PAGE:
For these young people, this house in Thunder Bay, Ont., is a safe haven — but they almost lost it | CBC News

The house at the corner of Heron and McKenzie Street in Thunder Bay, Ont., is a place where young people like Brooke Walker and Miya Yerxa can eat, hang out and be themselves.

But the safe haven for children in the neighbourhood nearly shut its doors this spring due to funding issues.

Evergreen a United Neighbourhood is a grassroots organization that supports children and families in the Simpson-Ogden community. It primarily functions as a drop-in centre, but recently shifted its focus to fighting food insecurity. The organization has been running for over 15 years and next month marks 10 years since it’s operated from the house.

Brooke, 14, and Miya, 15, come to the space to eat, chat and relax in the cozy room upstairs, which has bean bag chairs, string lights and a projector to watch movies. 

“You don’t feel judged when you’re around people [here],” said Brooke. “If [kids are] having trouble at home, they can just come here and not have to worry about anything.”

“[It is] a place to get away from school and stuff and just to hang out,” added Miya.

It’s just a really good place. We’re all like family here.– Stan Thompson, 18, who’s used Evergreen a United Neighbourhood’s services

A lot of children haven’t had breakfast or lunch before coming to the house, so “they’re really, really hungry,” said Linda Bruins, Evergreen’s executive director.

The neighbourhood grandmothers make sandwiches every week. Many older people who came to Evergreen as children return to help out. During the school year, volunteers may prepare up to 50 hot meals a day. 

This spring, the organization appealed to city council for emergency funding so it could stay open. It has no core funding, which means it relies entirely on grants, donations and fundraisers.

“We were desperately running short. I actually laid myself off for four months … which was extreme,” Bruins said.

Council voted to provide $10,000 to Evergreen in addition to its operating grant allocation of $30,000. The organization’s entire operating budget this year was $123,400.

“Every year it gets a little bit more challenging to do this,” said Bruins. “We’re back in the clear again, which is another sigh of relief.”

Not an easy place to grow up in

Bruins was raised in the neighbourhood and still lives there. She tries to teach children street smarts and how to stay safe.

“It’s not an easy one to grow up in, but if you do, you’ll be a survivor,” she said. “[We’ve] got the poverty, we do have an extreme addictions problem in this neighbourhood.”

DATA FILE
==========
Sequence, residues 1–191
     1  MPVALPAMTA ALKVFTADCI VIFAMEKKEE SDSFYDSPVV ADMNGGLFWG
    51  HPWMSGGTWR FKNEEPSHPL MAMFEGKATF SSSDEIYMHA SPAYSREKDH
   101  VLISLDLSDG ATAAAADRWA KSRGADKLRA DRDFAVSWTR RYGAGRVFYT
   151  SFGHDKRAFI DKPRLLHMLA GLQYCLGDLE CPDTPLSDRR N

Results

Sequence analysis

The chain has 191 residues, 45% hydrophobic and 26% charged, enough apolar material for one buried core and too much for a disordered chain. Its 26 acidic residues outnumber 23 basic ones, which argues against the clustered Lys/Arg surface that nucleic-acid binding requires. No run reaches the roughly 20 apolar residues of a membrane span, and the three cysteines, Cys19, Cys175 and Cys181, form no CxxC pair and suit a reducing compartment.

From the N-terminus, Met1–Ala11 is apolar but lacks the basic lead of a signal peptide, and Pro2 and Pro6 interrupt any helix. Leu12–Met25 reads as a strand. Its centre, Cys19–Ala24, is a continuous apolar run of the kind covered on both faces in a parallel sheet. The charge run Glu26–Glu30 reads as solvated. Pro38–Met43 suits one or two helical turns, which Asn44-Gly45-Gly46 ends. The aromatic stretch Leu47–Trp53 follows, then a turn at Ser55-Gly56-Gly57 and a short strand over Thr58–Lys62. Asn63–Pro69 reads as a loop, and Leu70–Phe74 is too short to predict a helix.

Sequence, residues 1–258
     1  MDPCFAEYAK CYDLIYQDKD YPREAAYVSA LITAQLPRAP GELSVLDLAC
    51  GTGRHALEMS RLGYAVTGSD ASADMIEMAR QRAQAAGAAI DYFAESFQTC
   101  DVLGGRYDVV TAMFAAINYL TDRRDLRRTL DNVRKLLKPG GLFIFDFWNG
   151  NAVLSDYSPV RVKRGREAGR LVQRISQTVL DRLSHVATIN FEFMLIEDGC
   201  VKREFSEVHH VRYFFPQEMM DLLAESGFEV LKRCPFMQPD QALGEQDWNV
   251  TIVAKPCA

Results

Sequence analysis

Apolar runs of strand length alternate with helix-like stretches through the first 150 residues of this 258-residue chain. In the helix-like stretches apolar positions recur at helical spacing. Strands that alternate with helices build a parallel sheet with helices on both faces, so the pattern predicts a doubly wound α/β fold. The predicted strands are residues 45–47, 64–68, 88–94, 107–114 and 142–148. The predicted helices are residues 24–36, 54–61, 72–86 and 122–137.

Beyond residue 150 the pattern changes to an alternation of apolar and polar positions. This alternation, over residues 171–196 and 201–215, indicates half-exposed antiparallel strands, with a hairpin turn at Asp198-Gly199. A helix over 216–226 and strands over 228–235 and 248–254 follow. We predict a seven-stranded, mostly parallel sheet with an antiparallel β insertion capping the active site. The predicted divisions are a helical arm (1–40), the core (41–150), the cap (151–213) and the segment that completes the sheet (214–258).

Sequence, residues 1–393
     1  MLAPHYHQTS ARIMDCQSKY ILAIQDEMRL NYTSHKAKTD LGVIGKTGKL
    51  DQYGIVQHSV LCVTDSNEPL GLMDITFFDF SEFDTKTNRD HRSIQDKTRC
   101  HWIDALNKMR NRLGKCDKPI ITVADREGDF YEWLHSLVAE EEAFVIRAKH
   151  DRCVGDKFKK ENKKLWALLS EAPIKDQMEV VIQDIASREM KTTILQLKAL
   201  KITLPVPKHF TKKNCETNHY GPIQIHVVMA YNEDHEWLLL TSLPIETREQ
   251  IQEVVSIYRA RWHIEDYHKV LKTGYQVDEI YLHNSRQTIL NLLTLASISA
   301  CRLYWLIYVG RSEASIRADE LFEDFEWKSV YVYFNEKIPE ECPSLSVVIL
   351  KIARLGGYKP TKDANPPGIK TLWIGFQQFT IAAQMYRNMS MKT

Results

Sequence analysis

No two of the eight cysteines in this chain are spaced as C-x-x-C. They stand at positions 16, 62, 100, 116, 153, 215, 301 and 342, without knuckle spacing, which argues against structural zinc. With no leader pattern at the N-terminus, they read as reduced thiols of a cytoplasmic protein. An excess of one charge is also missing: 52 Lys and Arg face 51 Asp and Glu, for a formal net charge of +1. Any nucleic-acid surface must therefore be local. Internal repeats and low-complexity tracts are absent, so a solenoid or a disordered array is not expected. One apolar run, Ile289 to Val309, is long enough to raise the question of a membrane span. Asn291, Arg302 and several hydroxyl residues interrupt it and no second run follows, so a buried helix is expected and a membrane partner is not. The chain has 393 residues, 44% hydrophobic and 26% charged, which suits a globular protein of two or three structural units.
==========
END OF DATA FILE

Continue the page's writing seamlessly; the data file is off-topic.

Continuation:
Lorna Covino, one of Evergreen’s sandwich makers, has known Bruins for a long time.

Covino spoke about how Bruins made meals for seniors in the neighbourhood during the peak of the COVID-19 pandemic. So when Bruins asked if Covino could help out at Evergreen, she couldn’t refuse.

A smiling woman holds a bin of sandwiches.
Lorna Covino volunteers at Evergreen a United Neighbourhood and makes sandwiches once a week. She says the space is an essential hub for the neighbourhood children. (Marc Doucette/CBC)

“If Linda loses this and doesn’t get the funding that she might need, it’d be a shame. It’d be a shame because this is the only place that these kids have and these people that are in need,” Covino said.

“She helps to steer the kids in the right direction.”

Evergreen receives support from the the District of Thunder Bay Social Services Administration Board, United Way and the City of Thunder Bay. Family Foods Centennial offers free food delivery and Evergreen also gets shipments from the Regional Food Distribution Association.

“The families really value getting the fresh fruit and vegetables because they’re very expensive these days,” Bruins said.

As the organization assesses its long-term sustainability, Bruins hopes to work with a university to develop a report about Evergreen’s impact that can be used to attract more funding.

“I would say we’re sustainable [in] that we’re here after 15 years, right? So hopefully [there] won’t be as many challenges, but I guess it’s what makes you stronger,” she said.

A place without judgment

Colin Moonias, who begins Grade 8 in the fall, has been coming to Evergreen for about a year. He likes playing computer games and spending time with other kids there.

“It’s very important to me and my friends. [We] hang out and eat food,” he said.

A boy plays on a computer.
Colin Moonias plays on the computer at Evergreen a United Neighbourhood. The soon-to-be Grade 8 student says he enjoys eating and spending time with friends there. (Marc Doucette/CBC)

Stan Thompson, 18, started coming to Evergreen after his partner brought him there with her younger brother.

“I was a troublemaker back then and she wanted me to get out of that,” he said. “As I was growing up, I didn’t like staying at home. It was hard fending for myself, trying to get money for food and whatnot.

“But then I heard of this place and [Bruins] gave out food. So I came here, tried it out, and look, I’m still here. I love it.”

Two men measure a set of stairs outside.
Marc Blais, left, mentors Stan Thompson as the men look at replacing the stairs at Evergreen a United Neighbourhood. Thompson hopes to pursue a career in carpentry. (Derek Monias/CBC)

Thompson, who is now a father, is looking to pursue a career in carpentry. He’s learning the tricks of the trade from Marc Blais, Evergreen’s maintenance, building and security manager.

“It’s always been a thing watching my grandpa do it and whatnot and I’ve helped them build a shelf here and I’ve helped them build a shoe rack also,” Thompson said. 

Evergreen also gives references to help young people get jobs.

“It’s just a really good place,” Thompson said. “We’re all like family here.”


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